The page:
– You can iron leather, but turn off the steam.  The water releasing onto the leather can stain it.  I also use a press cloth to make sure my iron doesn’t stick to the leather.

– Use a hammer or mallet to pound down seams.  Some seams get pretty bulky, so use your hammer to get them flatter and easier to go under the presser foot.

– Don’t use pins.  Instead of pins, use Clover Clips or paper clips to hold in place.  The pins will puncture holes in the leather.

– Glue is your friend.  Not being able to use pins can put you in a bind in some places.  I use a glue stick to hold it in place for stitching, or I also use Wondertape.

– Leather will stretch.  This is something to keep in mind for bag handles.  You can use interfacing (including iron-on interfacing) to keep them from stretching out too much.  I have also sewn twill tape or ribbon in between layers to keep things in place.

– You can wash leather, but some take to it better than others.  I would suggest using a color catcher in the wash the first few times to make sure the dye doesn’t bleed onto other garments.  The leather will lose some of its softness.  If you make a leather jacket, skirt or bag, I would suggest dry cleaning those.  If it is just an accent on clothes, like a collar or elbow patches, I throw it in the wash on cold and hang to dry.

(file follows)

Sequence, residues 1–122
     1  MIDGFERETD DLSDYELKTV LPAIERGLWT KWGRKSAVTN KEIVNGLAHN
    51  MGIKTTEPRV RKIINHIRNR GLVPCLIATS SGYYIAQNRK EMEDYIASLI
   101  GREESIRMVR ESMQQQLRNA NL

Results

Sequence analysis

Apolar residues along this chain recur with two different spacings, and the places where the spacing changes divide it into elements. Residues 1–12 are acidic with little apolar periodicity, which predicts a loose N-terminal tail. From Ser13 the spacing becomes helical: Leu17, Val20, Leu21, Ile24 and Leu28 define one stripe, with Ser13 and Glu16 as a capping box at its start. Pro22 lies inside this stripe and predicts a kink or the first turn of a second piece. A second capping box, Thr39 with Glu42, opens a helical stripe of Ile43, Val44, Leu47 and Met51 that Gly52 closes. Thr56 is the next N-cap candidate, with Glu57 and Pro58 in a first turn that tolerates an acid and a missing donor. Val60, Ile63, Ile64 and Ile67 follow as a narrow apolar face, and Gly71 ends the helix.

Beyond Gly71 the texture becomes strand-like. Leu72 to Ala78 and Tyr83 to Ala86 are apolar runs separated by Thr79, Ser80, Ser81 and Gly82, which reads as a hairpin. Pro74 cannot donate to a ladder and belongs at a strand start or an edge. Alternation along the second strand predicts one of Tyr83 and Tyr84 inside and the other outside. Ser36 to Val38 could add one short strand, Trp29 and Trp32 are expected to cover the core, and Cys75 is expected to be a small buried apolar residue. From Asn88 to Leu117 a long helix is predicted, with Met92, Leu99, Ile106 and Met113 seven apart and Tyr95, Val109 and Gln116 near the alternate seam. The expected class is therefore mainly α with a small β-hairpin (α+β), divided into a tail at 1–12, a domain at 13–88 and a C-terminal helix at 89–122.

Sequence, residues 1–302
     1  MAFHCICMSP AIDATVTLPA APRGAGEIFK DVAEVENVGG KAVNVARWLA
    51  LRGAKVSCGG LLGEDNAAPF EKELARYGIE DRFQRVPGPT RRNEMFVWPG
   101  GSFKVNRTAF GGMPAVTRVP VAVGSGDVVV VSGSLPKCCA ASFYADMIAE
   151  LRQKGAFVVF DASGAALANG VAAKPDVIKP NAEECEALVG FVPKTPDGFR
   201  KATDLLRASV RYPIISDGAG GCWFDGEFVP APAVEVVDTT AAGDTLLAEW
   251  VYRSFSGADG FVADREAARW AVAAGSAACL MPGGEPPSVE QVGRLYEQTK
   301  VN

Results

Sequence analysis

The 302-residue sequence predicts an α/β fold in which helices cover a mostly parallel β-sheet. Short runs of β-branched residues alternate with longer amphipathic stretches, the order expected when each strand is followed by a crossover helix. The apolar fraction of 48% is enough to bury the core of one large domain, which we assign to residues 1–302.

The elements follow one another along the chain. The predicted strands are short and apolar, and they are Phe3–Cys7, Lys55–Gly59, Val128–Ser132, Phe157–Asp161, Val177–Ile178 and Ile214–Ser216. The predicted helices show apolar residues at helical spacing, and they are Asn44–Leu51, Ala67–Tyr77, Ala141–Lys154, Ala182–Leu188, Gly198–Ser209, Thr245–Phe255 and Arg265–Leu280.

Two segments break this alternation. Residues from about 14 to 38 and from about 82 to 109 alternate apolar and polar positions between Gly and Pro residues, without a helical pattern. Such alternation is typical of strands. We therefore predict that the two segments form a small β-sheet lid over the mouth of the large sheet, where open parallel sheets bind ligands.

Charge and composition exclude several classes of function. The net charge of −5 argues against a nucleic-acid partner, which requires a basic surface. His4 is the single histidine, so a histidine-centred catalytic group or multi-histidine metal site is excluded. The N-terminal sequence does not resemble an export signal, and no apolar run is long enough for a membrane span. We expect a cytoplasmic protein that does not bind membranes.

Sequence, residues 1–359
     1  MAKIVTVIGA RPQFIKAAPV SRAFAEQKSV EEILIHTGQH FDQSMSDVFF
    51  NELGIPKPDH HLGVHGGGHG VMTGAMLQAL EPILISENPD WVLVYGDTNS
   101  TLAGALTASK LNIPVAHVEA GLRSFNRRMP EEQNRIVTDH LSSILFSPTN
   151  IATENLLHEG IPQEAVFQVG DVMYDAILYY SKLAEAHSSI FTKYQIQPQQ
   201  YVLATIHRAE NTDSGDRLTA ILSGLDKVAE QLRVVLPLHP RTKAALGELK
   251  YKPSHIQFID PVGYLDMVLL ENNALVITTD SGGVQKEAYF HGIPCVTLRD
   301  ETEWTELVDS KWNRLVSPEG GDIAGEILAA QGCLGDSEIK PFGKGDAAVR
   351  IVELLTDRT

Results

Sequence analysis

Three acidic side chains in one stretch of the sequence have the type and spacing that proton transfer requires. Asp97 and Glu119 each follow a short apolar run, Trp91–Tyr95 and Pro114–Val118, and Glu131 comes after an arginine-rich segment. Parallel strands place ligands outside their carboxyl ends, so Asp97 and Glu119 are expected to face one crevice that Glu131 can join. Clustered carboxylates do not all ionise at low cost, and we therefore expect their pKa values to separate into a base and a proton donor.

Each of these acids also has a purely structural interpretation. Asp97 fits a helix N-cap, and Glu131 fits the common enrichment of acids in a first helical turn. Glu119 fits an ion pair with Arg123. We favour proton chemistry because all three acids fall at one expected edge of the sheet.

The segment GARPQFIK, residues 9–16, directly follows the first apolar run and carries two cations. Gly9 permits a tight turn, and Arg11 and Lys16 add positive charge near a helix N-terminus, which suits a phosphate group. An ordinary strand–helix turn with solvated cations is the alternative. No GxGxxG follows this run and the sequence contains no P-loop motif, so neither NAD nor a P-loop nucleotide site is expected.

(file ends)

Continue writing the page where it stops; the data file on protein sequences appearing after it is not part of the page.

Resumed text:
– The lighter leather colors are predisposed to staining, so you might want to seal it.  Don’t wear a new pair of blue jeans with your natural colored leather purse.  Ask me how I know?

– Unless you are interested in tooling leather, stay away for the vegetable tanned leather hides.  These are usually heavier weight to account for the tooling/stamping that happens with these unfinished hides.  They are fairly hard, too, and not good for garments.  They can work for purses, but will likely require hand-stitching.  Tooling leather is a whole other animal from sewing bags and garments.


– If you are using rivets or studs for the leather, be aware that they come in different thicknesses.  You want a shorter shaft on anything you will be putting on thinner leathers.  Otherwise, when you go to pound it down, there will be too much room and it will go offset.


– Sometimes you will just have to hand-sew the leather if it is too thick.  Sewing machines for specifically sewing leather are very expensive, so unless you plan on doing it often, have some extra room and a spare $1K+ you may have to bust out the leather sewing needle and thimble (you will need a thimble, trust me).  If you do go this route, I recommend getting this, this and this.

hand sewn laptop bag

That is all I can think of to tell you right now, but feel free to ask questions!  I will try to answer if I can.